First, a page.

[clug-talk] Too Many Mailing List Guidelines?

Shawn sgrover at open2space.com
Tue Nov 30 13:07:39 PST 2004

On Tuesday 30 November 2004 13:27, Jarrod Major wrote:
> On Tuesday 30 November 2004 11:37 am, Shawn wrote:
> > It seems to me that we as a group are spending too much time talking
> > about guidelines than other pertinent issues. <grins>
> Opinion:
> Agreed. From my point of view, it appears that the more we try to control
> things the more people we make unhappy. The 'guidelines' are a suggestion,
> take 'em or leave 'em. We needed to start somewhere to give people an idea
> of what they should or shouldn't do. Only in extreme cases has the
> Executive gotten involved.

Such as this one? <grins>.  I think you've just made my point here - trying to 
impose control does not equal self moderating....  (admittedly, there 
probably needs to be a balance in there somewhere... I don't think we have 
that balance yet though...)

> Officially: People come and go as traffic ebbs and flows. Some people are
> turned off and leave, some come back after a hiatus, some don't.
> Opinion: We can't please everyone, as hard as we try.

people coming and going as their interests change is expected.  To have people 
leave because they feel excluded, and/or don't care about the community type 
discussions isn't.  If I were starting Linux all over, I'd be looking for a 
mailing list that can offer the input I need to learn how to get my systems 
up and running, and  configured.  I don't think the clug-talk list fits this 
role anymore - the knowledge and skill is there, but someone new may not 
think these questions are appropriate given the community nature of most of 
the messages.

> Opinion: I disagree. I think clug-talk is doing what it always has,
> providing CLUG with a forum for members and non-members alike.

> Opinion: clug-talk has _never_ focussed on any one topic on purpose. It's a
> general list! Topics come and go. 

Perhaps I misunderstood the purpose of the clug-talk list back when I first 
signed up....

> > Of course, this is all just my opinion, and really, I'm not trying to
> > offend anyone.  I wanted to point out an issue I've seen developing, and
> > maybe get some feedback from the list members (even if it's just to tell
> > me to shut up and there is no problem..<grins>).  (um, respectfully, can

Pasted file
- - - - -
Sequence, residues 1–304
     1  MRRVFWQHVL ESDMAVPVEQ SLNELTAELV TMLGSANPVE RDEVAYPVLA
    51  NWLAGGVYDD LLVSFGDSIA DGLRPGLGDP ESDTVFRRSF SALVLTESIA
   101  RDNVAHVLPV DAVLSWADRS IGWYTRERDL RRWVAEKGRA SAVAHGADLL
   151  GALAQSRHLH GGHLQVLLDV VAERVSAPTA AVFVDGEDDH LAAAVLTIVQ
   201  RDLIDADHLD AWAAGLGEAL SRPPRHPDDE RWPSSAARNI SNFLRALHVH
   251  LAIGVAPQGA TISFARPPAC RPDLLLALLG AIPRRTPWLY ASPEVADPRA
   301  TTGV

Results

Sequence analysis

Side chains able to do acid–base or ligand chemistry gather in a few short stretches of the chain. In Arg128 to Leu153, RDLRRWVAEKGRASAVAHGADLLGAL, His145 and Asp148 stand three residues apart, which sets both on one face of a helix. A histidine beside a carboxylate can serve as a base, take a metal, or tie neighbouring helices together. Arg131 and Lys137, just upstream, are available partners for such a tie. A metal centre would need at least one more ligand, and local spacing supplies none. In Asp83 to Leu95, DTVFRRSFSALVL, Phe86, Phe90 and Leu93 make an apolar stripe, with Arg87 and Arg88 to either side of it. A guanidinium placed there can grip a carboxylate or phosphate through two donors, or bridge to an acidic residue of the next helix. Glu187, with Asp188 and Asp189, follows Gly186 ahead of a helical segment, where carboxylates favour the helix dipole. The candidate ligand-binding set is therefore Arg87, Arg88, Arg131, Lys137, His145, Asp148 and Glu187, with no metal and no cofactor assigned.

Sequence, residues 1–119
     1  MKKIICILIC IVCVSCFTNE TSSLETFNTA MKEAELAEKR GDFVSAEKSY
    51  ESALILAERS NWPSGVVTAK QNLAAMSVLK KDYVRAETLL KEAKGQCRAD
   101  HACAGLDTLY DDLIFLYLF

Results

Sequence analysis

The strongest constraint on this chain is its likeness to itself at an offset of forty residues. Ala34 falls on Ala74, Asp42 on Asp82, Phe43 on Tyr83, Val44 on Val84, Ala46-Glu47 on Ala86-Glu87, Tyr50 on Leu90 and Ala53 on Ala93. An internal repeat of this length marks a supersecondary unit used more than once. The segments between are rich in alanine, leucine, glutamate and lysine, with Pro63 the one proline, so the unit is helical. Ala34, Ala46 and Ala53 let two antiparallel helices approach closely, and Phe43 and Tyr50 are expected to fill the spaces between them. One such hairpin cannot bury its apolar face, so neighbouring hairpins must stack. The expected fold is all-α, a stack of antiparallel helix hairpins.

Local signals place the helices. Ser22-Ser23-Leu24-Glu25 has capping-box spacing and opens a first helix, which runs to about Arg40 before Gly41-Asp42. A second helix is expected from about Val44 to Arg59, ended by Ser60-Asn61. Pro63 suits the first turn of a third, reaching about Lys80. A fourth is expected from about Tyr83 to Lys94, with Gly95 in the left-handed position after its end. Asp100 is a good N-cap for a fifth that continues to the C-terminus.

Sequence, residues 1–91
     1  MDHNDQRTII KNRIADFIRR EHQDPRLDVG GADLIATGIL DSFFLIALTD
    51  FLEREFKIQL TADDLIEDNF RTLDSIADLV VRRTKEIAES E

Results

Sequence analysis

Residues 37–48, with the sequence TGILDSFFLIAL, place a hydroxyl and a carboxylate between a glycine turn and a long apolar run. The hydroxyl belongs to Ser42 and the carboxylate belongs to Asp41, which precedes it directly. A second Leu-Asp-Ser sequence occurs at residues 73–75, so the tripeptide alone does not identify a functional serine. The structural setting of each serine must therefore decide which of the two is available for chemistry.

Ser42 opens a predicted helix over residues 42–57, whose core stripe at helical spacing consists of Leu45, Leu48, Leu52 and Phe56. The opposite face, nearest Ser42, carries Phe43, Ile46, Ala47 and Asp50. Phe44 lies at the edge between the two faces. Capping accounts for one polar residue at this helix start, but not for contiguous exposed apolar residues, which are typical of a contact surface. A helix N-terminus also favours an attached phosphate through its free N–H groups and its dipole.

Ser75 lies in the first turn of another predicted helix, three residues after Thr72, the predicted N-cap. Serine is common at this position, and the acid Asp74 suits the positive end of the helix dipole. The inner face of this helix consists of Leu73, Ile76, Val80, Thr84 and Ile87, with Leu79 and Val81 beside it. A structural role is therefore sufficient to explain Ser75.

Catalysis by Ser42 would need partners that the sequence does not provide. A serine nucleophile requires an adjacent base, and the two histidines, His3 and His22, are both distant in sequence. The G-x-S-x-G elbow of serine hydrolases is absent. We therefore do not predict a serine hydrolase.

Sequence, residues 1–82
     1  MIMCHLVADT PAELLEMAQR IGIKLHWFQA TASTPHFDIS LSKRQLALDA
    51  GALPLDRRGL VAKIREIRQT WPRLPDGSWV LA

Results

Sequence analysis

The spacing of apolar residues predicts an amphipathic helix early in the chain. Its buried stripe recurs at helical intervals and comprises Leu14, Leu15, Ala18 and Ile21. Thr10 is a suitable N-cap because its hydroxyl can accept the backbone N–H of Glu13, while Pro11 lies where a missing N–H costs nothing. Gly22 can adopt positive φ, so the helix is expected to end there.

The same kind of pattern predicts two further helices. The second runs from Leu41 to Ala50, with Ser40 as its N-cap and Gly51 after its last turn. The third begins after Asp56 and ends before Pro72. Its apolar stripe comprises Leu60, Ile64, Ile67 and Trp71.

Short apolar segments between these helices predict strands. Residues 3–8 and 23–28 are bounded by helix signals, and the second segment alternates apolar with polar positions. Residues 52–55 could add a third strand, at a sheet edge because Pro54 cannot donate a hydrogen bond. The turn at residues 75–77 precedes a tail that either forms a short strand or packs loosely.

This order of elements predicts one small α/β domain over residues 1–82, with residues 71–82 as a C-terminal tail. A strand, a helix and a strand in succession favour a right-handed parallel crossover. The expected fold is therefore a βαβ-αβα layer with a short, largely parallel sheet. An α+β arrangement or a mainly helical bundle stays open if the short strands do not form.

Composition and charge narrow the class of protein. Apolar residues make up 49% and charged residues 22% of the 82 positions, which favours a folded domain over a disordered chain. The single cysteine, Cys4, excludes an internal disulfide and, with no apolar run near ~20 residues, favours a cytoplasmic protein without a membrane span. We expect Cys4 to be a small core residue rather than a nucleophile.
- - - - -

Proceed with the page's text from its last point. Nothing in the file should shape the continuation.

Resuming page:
> > I ask the executive to NOT comment on this email in an executive
> > capacity, until there is a consensus on it? <grins>)
> Sorry, I felt compelled. I would love to read what other people have to say
> about the subject. And no Shawn, I don't want you (or anyone else for that
> matter) to shut up.

Sorry Jarrod, but I think the "official" stance on this topic may skew public 
opinion... too late now though... I'll discuss this one with you in person 
though (over beer) to avoid any mis-interpretation via email. :D  (not to 
mention my thoughts on this haven't fully gelled yet...)

> > May I humbly propose a new mailing list called clug-community.  Then all
> > emails such as this one could be (politely) referred to that list, and
> > keep clug-talk the technical resource that most of us signed up for.  I
> > think that initially most of our traffic would end up on the community
> > list, but in a short while, the technical talk will far exceed the
> > community talk (again), if we can keep the two mostly separate.
> Opinion: "asking is polite demanding" :D Seriously, if there is enough
> support for starting new lists I will do everything in my power to see that
> it happens.

I have always thought the word "propose" was roughly equivalent to "suggest" - 
not "demand".  I'm but one voice in the group, and I don't expect people to 
agree with me all the time (well, not usually LOL).  Hence a proposal for 

In the end, I feel that we are starting to stray from our roots and becoming 
more of a bureaucratic organization, and less of a knowledge resource.  This 
has much less appeal to me than the loose, free form technical discussions, 
meetings, and presentations.  (don't take that as a slight in any way - I 
think the executive is doing a great job in organizing things and trying to 
listen to the members.)


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